116 3rd St SE
Cedar Rapids, Iowa 52401
Mark Banowetz, 64, of Ely, is seeking election to the District 1 seat of the three-member Board of Supervisors. Banowetz, a Republican, faces challenger Kirsten Running-Marquardt in the District 1 race in the Nov. 8 general election. Banowetz owns Cedars Edge Evergreen Market and served nine years on the Ely City Council, with three as mayor pro tem.
We posed a set of questions about the office to all of the Supervisor candidates. Below is the transcript of Banowetz’s answers. Polls will be open on election day from 7 a.m. to 8 p.m.
What do you think are the three most important issues the county is facing? What would you do to address them?
Banowetz: 1) Frequency of violent crimes, community safety, and support of law enforcement. 2) Efficient use of tax dollars and reasonable budgeting. 3) Accessibility of mental wellness & health options and support. I’m hesitant to address solutions until a full picture has been established on these issues.
Do you support the use of eminent domain for CO2 pipelines? Why or why not?
Banowetz: No. The use or threat of eminent domain, or the taking of property, outside of which the laws are already written in Linn County is government overreach.
If you’re forced to cut the county’s budget, where do you look for savings? Why?
Banowetz: Without properly analyzing the past budget over the last 3-5 years, I could not and would not confidently recommend budget cuts in any specific areas.
How well does the county work with other government entities within the county today (i.e. City of Cedar Rapids, Cedar Rapids Schools). Would joint meetings between governing bodies help or do you have other ideas to improve the working relationship?
Banowetz: Cooperation and joint meetings between the county and other government entities, when done well, can improve the efficiency of tax payer dollars, by reducing the replication of programs and increase possible implementation of new programs that would positively impact the residents of Linn County.
How would you assess the long-term planning and vision of the county? Are there areas that you think should be planned for?
Banowetz: Long term planning needs to be continually assessed and revisited in order to be intentional about ensuring that our small and rural communities have a voice to advocate for the resources needed to grow and expand and keep/make them viable. This would include industrial, agricultural, and residential entities.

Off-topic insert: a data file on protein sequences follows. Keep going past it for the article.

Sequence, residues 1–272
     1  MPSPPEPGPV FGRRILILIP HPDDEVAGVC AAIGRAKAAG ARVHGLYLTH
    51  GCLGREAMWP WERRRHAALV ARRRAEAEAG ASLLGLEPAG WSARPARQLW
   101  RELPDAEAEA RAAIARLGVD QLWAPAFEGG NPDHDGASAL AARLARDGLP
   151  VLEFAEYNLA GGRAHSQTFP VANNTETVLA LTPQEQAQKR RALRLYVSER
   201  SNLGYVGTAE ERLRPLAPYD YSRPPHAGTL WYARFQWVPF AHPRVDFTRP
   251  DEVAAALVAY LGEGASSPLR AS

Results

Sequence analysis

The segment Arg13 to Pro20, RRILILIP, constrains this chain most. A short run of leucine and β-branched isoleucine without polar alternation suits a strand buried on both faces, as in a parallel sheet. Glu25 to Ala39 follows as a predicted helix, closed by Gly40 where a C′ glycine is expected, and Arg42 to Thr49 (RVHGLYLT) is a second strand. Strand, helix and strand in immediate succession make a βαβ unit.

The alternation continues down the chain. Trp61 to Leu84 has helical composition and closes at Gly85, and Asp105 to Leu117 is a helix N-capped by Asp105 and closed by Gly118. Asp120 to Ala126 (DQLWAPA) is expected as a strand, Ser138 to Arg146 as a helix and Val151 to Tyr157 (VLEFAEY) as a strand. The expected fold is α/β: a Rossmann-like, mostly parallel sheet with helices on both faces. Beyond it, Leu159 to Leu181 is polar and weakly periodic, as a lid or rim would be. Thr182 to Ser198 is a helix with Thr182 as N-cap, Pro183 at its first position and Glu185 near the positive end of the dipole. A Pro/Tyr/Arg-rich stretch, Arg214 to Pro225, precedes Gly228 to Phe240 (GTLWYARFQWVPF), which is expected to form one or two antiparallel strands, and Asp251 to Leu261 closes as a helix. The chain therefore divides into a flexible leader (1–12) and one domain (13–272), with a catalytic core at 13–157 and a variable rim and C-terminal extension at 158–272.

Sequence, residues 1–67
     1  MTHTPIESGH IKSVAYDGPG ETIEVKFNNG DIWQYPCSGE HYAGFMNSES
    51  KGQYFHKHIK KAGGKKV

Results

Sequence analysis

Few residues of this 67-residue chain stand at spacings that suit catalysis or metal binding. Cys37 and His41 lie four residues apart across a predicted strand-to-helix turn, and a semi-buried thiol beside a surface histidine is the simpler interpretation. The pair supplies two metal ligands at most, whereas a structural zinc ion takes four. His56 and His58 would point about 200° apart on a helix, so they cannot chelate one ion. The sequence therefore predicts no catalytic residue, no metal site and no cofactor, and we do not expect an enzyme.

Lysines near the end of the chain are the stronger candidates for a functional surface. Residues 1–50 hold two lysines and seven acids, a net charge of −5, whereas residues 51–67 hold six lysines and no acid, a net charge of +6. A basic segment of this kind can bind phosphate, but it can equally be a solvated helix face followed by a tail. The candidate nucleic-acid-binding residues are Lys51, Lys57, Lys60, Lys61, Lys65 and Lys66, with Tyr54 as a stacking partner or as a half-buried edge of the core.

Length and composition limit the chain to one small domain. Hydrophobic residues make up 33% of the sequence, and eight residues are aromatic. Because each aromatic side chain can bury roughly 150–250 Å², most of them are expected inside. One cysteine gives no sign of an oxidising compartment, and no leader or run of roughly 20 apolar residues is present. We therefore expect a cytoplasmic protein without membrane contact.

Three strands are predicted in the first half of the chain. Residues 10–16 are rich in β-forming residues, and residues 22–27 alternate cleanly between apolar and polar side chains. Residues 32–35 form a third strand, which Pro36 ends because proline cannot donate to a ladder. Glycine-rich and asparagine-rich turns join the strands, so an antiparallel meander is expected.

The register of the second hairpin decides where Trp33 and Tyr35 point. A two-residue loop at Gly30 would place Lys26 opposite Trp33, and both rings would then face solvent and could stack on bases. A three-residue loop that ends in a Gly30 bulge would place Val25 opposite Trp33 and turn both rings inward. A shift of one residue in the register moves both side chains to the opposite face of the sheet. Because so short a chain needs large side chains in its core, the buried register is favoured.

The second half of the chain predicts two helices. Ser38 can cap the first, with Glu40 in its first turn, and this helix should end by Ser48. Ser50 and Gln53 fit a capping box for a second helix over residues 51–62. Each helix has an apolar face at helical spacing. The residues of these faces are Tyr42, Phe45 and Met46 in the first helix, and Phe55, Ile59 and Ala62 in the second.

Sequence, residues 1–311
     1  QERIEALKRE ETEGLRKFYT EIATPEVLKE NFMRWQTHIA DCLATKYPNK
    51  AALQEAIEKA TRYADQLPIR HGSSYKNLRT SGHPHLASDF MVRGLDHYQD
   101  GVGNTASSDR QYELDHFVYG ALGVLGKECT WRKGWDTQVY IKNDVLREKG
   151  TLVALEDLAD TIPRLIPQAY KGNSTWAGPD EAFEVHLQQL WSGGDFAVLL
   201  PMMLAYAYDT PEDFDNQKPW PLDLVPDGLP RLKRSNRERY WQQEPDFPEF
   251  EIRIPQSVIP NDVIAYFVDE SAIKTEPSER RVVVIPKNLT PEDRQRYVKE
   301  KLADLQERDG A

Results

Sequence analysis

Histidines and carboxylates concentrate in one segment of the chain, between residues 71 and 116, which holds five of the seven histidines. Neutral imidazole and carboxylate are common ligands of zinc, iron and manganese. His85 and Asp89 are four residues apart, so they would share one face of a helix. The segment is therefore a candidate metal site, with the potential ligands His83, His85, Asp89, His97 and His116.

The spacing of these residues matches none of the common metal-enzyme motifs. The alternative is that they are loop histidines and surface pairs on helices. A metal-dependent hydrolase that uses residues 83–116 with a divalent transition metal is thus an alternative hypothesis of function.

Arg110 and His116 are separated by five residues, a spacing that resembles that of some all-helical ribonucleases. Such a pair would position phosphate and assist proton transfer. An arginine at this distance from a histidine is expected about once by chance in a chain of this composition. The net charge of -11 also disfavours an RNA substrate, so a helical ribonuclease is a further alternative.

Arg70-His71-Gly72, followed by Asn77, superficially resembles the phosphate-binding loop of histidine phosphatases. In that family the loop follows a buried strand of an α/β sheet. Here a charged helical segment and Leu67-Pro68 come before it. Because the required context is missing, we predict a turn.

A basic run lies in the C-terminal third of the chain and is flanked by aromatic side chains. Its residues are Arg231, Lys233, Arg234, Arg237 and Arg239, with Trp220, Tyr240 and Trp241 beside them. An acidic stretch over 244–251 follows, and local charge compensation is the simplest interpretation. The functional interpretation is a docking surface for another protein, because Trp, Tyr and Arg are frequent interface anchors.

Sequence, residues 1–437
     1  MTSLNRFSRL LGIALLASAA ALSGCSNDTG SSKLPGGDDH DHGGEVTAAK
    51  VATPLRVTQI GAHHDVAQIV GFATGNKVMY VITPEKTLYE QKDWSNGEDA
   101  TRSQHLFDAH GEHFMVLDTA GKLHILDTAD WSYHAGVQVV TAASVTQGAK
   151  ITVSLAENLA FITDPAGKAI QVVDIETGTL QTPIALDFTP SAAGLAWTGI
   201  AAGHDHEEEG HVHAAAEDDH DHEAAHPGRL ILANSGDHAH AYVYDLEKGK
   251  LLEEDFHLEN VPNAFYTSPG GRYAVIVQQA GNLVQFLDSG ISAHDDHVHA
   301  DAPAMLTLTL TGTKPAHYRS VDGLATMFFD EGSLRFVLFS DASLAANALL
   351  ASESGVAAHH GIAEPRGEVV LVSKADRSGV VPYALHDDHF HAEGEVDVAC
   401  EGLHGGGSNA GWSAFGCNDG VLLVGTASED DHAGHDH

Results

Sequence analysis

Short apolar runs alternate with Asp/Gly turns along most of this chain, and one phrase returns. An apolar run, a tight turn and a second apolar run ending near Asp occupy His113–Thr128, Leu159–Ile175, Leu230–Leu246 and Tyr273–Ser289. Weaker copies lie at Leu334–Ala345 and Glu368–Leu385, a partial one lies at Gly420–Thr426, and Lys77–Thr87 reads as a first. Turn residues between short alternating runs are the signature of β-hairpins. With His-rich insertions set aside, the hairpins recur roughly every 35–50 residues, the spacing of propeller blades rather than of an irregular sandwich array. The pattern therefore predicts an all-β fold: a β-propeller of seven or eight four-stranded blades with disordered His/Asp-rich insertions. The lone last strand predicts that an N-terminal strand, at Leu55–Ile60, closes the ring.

There's been conversation about the number of Supervisors (5 members or 3 members). How many Supervisors are necessary and why?
Banowetz: I believe five supervisors are absolutely necessary to ensure the proper representation of approximately 230,000 residents, the proper use of the $154 million budget and ensure accountability within the board of supervisors.
When it comes to mental health, what do you see as major needs for Linn County? What does the county need in mental health resources and what should it do to encourage people to seek those services?
Banowetz: The rise in mental health issues such as domestic disputes, suicide rates, illegal and prescription drug use, COVID long haul, and many more has led me to believe we need to be much more forward thinking in our pursuit of accessibility of mental health resources and programming. This would include collaborating with local law enforcement and mental health agencies to understand where they are seeing needs for those struggling with mental health and ensuring that the residents of Linn County have quick and easy access to services that they need, when they need them.
What should the county's role be when it comes to affordable housing programs? Should there be partnerships with cities and other organizations? What other programs could the county implement to assist residents in need?
Banowetz: We’re asking the wrong question. The question needs to be “What can we do as a county to help empower the residents fo Linn County and alleviate or reduce the need for more affordable housing programs?” Let’s figure out the core issues, set goals and utilize current programming to manage the affordable housing issues more effectively.
County supervisors have recently approved two large solar energy projects. Do you agree with this approval? Why or why not? How would you weigh the nearby property owners rights against larger benefit if asked to vote on a future development?
Banowetz: The approval by two supervisors on these projects did not take into consideration Linn County resident concerns, the loss of crop land, loss of agricultural jobs and income for local farmers, as well as prohibiting the future growth of Palo in all directions. Very little consideration was given to the residents of Linn County in this decision and the preference was given to the out of county/state investors and solar companies. Consideration of our own residents, in future decisions, should be the number one priority.
Should Linn County financially support the City of Cedar Rapids flood control system? Why or why not?
Banowetz: Once again, very vague question. There needs to be cooperation and dialogue between all cities that could be affected by flooding in the future, not just Cedar Rapids.